Sick Architecture - Ibiayi Briggs - Body Culture and Contrology

Body Culture and Contrology

Ibiayi Briggs

Various exercise postures supported by the Wunda Chair, invented in 1945 by Joseph Pilates.

Sick Architecture
June 2022

For all the scientific discovery and technological progress heralded by late modernity, its lasting legacy is also one of disenchantment and alienation. This alienation was psychological and physical, and was manifested in the bodies of the growing rank of industrial workers. The monotony of factory work and the environmental effects of its production clouded the minds, lungs, and entire being of urban populations. An undercurrent of anxiety towards growing industrialization and urbanization of modern life was exemplified in Georg Simmel’s proclamation that “There is perhaps no psychic phenomenon which is so unconditionally reserved to the city as the blasé outlook.”1 He painted a picture of the mind of the modern, urban citizen that was so overwhelmed by external stimuli to be rendered inert. That static mind translated to a docile body. To a growing movement of doctors, scientists, gymnasts, and performers, this docility had to be corrected, through exercise.

Histories of health and exercise tell stories about human bodies and the ways they’ve been idealized, sculpted, and tortured into different forms. They capture evolving standards of strength, beauty, science, and medicine. As these relationships with our bodies change, so do the spaces and apparatus used to hone them. Yet there is a central theme within the historical development of exercise: its connection to martial and carceral histories. Military barracks and prison yards were often the first testing grounds for bodily improvement—or as it was understood there, for bodily correction and discipline. As exercise moved in the domestic realm, the corrections exercise targeted were not explicitly tied to an innate criminality, but rather sought to address the consequences of a wider societal rot. Its discipline was not martialed on the battlefield, but rather in the character of each citizen as a reflection of a larger national character.

The nineteenth and early twentieth century saw the rise of “body culture” (Körperkultur), an expanding movement that encompassed new trends in exercise and bodybuilding. It made celebrities of strongmen who performed great feats in front of adoring audiences that would go on to read their books and magazines, attend their gymnasiums, and adopt their lifestyle. These exercise spectacles provided a compelling counternarrative to the lassitude wrought by modernization. Bodies could be reclaimed from industrialization, and there was an expanding class of doctors, designers, and performers shaping the methods. It would take control, but also the very same mechanization that engendered both innovation and ennui, in order to do so.

Perfecting the Body Through Gymnastics

Physical education had been an important component of classical education in Germany from as early as the fifteenth century, and the cultivation of a specific exercise practice was primarily the privilege of the aristocracy. Activities like horseback riding, fencing, and dancing were important components of shaping the image of the gentleman. These exercises were not only social signifiers, but also relied on aesthetic judgments like the purity of a jump, or the style and gracefulness of a dance. However, in the late eighteenth century, there was an increasing interest in maximizing the power of the body rather than its artistry. In 1793, the book Gymnastik, written by Johann Christoph Friedrich GutsMuths, a teacher at a Philanthropinum (Enlightenment-inspired German educational institutions) in central Germany, attempted to detach exercise from gentility.2 Instead of foregrounding the aesthetic aspects of exercise, GutsMuths emphasized the body’s performance—as in the ability for specific exercises to improve strength, endurance, or balance. In the exercise regime outlined in Gymnastik the pommel horse was positioned as a training apparatus that could produce a new range of activities. Vaulting and jumping were no longer valued for purity, but instead for their measurability. GutsMuths shifted exercise away from the artistry to the effectiveness of bodily movement in order to elevate exercise to what he saw as a morally ideal masculine practice.3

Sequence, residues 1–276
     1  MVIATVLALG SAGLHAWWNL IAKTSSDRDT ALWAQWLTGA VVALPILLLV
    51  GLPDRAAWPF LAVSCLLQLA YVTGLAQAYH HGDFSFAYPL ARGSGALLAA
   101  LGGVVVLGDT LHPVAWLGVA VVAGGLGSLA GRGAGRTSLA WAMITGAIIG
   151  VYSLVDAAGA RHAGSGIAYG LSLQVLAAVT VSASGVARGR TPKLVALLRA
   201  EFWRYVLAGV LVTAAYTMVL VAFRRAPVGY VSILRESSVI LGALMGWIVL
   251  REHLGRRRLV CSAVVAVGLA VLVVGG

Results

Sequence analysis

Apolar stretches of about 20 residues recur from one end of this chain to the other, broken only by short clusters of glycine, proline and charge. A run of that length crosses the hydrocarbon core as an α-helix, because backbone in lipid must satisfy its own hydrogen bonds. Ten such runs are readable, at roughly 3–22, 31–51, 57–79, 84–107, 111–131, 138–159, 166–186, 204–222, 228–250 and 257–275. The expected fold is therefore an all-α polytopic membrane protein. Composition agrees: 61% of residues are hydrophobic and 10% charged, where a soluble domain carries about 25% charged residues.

The site of GutsMuths’s teachings were centered around the university and other institutions of higher education. In 1809, Friedrich Ludwig Jahn built on GutsMuths philosophies, and moved the space of exercise outdoors. He established a sports field in Berlin that made gymnastics a spectator sport, where curious audiences not affiliated with the schools could watch groups of gymnasts performing different exercises. This public performance of gymnastics enticed audiences and helped Jahn’s pupils establish gymnastic clubs and similar sports fields in other cities. These new clubs were rooted in the same culture of masculinity established by GutsMuths, but also included a more nationalist philosophy. In the aftermath of the Prussian army’s defeat by Napoleon in 1806 and the expanding power of the French Empire, there was a growing desire to bolster German heritage. Jahn tied his gymnastics to the cultivation—or recultivation—of a virile primitive man from ancestral Germanic tribes, and encouraged his students to join the military as an opportunity to seek revenge on the French.4 In 1819, the princes that then ruled the various regions of Prussia banned Jahn’s form of gymnastic as they feared its potential to foment subversive activities. While Jahn’s influence lingered, by the 1830s other practitioners of German gymnastics attempted to deemphasize his politics, allowing the sport to expand through the establishment of independent gymnastics clubs. This form of gymnastics was aligned with dietetics, a philosophy that advocated for a holistic perspective of health that encompassed a person’s nutrition, environment, and their daily habits. Advocates for dietetic gymnastics saw exercise as a means to balance the body with the environment.